I’m working on a new editing project. It’s a paranormal book set in the mid-1800’s, so I’ve found myself looking up words and phrases a lot, wondering if they were a bit too modern. I have to say, I’ve been surprised by some of the origins of certain words and phrases – a lot of them are way older than I realized, and some phrases just have really strange or interesting stories behind them. Here are some examples that I came across in my research:
- OK – I thought this word seemed a little modern in dialogue (even spelled okay), so I was surprised to see that it came into popular use before 1840 when it was used in Martin Van Buren’s campaign.
- Daddy – When I think of kids talking to their fathers in “the olden days” I think of more formal or archaic words – father, pa or papa. But did you know the word daddy has been around since the 15th century?
- chuck – Same with the word chuck (when used to mean throwing something)–as in I chucked the ball across the room. Sounds like modern slang, right? Apparently, it’s been in use since the 15th century too!
- terms of endearment – Honey has been documented as a term of endearment since at least the 14th century! Baby was first used in 1839, but sugar only appeared in 1930.
- armed to the teeth – Did you know that medieval warriors often had so many weapons that they would even carry one in their teeth? Yep – that’s where this one comes from.
- balls to the wall – Nope, this phrase isn’t vulgar. It actually refers to the controls of an airplane. The ‘balls’ were on top of the levers that controlled the plane’s speed, and pushing them forward toward the front wall of the cockpit made the plane go faster.
- cold feet – This phrase is a military term. Since soldiers often didn’t have shoes, especially before the late 19th century, they often had frozen or very cold feet and they couldn’t rush into battle.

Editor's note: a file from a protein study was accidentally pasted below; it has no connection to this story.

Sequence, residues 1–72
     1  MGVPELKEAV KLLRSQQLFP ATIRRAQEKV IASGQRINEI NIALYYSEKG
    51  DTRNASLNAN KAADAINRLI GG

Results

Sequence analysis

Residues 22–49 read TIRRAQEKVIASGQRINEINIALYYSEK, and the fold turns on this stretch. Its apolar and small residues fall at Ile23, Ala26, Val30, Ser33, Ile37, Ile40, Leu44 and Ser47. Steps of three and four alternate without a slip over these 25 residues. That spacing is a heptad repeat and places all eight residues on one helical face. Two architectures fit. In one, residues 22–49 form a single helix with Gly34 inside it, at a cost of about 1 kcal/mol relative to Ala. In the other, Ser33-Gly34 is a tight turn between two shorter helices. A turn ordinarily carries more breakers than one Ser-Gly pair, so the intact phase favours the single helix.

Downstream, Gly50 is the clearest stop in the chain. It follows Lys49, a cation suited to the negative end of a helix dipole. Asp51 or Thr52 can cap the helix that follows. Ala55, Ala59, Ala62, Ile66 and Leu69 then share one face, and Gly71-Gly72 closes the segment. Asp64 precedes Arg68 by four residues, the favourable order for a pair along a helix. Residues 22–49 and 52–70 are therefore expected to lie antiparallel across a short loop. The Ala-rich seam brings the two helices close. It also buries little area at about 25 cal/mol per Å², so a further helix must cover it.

- cold shoulder – This phrase has nothing to do with being emotionally cold. In the olden days, an unwelcome visitor would have been given the cheapest and most common type of food–cold shoulder of mutton.
- get your goat – In horse racing, nervous horses were calmed by putting a goat in the stall with them. If someone wanted the horse to lose the race, they could steal the goat and upset the horse.
- let the cat out of the bag – Farmers would bring young pigs to market in a bag, but a dishonest farmer might replace a pig with a cat. Once the cat was out of the bag everyone would know about the trickery!
- pull out all the stops – An organist pulls out all the stops (knobs) in an organ for maximum volume.
- hunky-dory – Did you know that this word was first used in the mid-1800’s!
- red letter day – Monks used to hand-write calendars (of course) and used red ocher for the important days (like days of the saints).
- sidekick – This word actually came from the days of rampant pick-pocketing! The side pocket (or side kick) was the safest place to keep your valuables. Now it refers to a person who stays right by your side and keeps you safe.
- pipe dream – This actually comes from the hallucinations people had when smoking opium from a pipe!
There are tons more of these that I could list, but these are just some of the ones I found most interesting. Are there any phrases thatyou use that you’ve wondered where they came from? I want to know!